Salary or Dividend: How Business Owners Pay Themselves

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Salary or Dividend: How Business Owners Pay Themselves
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If you’re a new business owner, you might wonder what you do to ensure you can pay your personal bills. You provide products or services, the customers give your company money, and you pay your business bills.

But what about your mortgage, utilities, or buying your own groceries? That comes from your income, and it can be hard to know exactly how much — and how — to pay yourself.

A sole proprietor simply keeps all the income from the business and it’s reported as personal income. However, if you have a corporation you have additional options. Let’s look at how business owners pay themselves!

How Much to Pay Yourself

How Much to Pay Yourself

No one goes into business planning to work for free, but many new businesses find that they struggle to make ends meet in the beginning. This might mean that you can’t hire as many employees and also that you can’t afford to pay yourself.

Over time, your profitability improves but it’s hard to know when it’s ok to invest less in business growth and pay yourself. Or, you might find that you’re keeping all the business profits and not investing enough in the company.

Don’t operate from a scarcity mentality and fear giving yourself any money. No one does their best work without compensation. Even a modest payment can help you avoid burnout and resentment toward your company.

Create a budget for both your personal needs and your business. How much does each need? Does the business bring in enough to meet both budgets? Do you have a partner or spouse who also has personal income?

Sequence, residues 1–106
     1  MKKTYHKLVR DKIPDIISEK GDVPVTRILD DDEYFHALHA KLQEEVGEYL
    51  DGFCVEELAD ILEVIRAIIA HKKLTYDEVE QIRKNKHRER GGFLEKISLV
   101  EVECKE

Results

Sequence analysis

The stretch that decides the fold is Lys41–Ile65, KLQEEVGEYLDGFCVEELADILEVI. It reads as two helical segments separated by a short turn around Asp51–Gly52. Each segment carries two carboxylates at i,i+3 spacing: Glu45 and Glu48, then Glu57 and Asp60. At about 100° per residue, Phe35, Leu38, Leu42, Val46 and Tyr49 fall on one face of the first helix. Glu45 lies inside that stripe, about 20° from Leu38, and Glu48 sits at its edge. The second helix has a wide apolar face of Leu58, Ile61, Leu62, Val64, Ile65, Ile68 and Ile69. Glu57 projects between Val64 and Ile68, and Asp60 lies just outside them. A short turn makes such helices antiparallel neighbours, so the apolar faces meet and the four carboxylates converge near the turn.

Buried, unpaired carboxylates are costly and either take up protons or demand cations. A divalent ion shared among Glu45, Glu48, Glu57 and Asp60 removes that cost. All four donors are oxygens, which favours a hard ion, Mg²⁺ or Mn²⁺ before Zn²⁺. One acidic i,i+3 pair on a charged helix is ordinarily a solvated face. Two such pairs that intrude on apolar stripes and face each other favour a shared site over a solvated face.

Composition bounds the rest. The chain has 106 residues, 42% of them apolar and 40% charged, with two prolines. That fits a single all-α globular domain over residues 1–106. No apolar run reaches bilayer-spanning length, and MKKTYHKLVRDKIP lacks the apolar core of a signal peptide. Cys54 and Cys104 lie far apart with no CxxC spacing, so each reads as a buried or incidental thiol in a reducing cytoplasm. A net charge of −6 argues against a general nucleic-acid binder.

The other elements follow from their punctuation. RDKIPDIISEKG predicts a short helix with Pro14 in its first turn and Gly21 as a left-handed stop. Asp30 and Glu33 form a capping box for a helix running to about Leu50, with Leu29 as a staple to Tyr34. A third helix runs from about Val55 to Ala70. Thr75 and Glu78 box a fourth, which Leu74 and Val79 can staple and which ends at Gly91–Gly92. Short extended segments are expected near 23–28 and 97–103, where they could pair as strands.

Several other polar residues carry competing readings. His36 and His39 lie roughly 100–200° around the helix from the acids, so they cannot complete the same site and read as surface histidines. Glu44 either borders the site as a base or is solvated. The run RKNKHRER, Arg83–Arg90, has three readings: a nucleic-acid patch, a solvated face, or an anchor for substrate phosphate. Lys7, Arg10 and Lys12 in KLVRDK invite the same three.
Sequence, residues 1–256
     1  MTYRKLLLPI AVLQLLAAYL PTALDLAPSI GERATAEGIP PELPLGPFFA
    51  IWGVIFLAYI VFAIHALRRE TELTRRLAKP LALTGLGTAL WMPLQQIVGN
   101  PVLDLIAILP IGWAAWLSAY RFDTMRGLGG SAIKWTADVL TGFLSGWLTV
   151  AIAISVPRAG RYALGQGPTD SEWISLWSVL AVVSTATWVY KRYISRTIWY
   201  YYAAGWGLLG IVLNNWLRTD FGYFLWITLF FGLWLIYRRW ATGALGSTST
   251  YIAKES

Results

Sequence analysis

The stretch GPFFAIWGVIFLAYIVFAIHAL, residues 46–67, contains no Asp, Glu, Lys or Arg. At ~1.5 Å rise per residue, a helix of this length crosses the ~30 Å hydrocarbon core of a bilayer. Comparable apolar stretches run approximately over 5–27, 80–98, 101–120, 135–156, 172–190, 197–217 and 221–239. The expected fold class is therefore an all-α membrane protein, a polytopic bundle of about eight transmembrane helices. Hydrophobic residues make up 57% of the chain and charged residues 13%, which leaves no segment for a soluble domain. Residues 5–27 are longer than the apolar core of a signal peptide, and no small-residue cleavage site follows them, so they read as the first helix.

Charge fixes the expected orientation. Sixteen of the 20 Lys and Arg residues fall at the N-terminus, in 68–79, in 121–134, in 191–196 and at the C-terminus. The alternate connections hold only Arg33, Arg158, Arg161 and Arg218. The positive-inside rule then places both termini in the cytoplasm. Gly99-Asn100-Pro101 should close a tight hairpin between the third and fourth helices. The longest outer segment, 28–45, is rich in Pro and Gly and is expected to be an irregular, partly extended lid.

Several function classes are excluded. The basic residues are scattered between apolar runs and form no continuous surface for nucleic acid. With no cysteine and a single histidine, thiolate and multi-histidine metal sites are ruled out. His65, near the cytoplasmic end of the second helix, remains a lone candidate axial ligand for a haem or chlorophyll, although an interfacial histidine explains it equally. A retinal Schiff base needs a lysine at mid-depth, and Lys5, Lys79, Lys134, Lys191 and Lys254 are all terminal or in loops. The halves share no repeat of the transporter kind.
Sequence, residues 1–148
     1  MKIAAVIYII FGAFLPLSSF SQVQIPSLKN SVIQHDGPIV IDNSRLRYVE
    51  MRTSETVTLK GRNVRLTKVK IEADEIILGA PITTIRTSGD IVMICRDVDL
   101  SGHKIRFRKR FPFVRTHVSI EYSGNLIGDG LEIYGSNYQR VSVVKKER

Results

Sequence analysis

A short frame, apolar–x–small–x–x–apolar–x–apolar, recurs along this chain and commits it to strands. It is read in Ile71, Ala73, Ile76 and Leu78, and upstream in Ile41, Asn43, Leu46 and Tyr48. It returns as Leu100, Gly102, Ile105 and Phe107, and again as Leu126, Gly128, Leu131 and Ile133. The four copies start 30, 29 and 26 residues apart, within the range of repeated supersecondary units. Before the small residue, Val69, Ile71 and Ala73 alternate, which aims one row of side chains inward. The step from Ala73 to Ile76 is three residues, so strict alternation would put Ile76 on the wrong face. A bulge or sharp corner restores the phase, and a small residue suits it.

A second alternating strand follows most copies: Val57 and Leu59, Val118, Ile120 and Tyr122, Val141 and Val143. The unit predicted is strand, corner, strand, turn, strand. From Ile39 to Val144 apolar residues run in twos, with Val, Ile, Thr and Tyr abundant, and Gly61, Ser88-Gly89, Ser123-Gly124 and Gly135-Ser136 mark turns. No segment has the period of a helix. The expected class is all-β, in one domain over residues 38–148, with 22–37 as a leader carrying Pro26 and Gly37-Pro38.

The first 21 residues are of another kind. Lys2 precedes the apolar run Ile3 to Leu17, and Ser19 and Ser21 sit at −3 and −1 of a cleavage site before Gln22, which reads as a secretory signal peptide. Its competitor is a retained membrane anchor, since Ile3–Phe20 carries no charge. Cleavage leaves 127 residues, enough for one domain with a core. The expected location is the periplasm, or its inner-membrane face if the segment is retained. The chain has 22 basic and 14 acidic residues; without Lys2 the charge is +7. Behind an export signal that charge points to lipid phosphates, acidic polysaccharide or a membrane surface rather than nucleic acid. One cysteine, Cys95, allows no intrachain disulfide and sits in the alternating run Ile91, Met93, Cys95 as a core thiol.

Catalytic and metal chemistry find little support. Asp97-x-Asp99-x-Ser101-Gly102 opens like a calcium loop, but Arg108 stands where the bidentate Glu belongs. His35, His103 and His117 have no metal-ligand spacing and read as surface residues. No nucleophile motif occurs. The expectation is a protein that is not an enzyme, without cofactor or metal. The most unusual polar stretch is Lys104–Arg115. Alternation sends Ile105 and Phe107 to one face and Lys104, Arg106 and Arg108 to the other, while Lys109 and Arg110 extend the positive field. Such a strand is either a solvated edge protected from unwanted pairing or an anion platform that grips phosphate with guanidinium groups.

Balancing budgets isn’t easy, but it’s important to pay yourself without going overboard. It’s a challenge, and you can make adjustments over time as needed.

Paying Yourself a Salary

Paying Yourself a Salary

When people look at how business owners pay themselves, they often assume that company founders take a salary. Many business owners with a corporation set up a salary while also taking part of their pay in dividends.

Setting your own salary can be difficult, and you also have to decide how frequently to pay yourself. Many founders choose a salary that makes sense for their needs and taxes.

Benefits of a Salary

For example, if you have a small lawn care business, it’s helpful to pay yourself a salary from your profits for several reasons. A salary allows you to contribute to the Canadian Pension Plan, which helps set you up for retirement. If you don’t have a salary all the way until you retire, you might not qualify for your pension. You can also use your wages to fund your Registered Retirement Savings Plan and get a tax deduction for doing so.

Having a salary can also help you qualify for loans, such as a home mortgage. Simply taking dividends doesn’t give you the guaranteed, predictable income that banks look for. The same goes for business loans — a salary is a better proof of income to show your creditworthiness.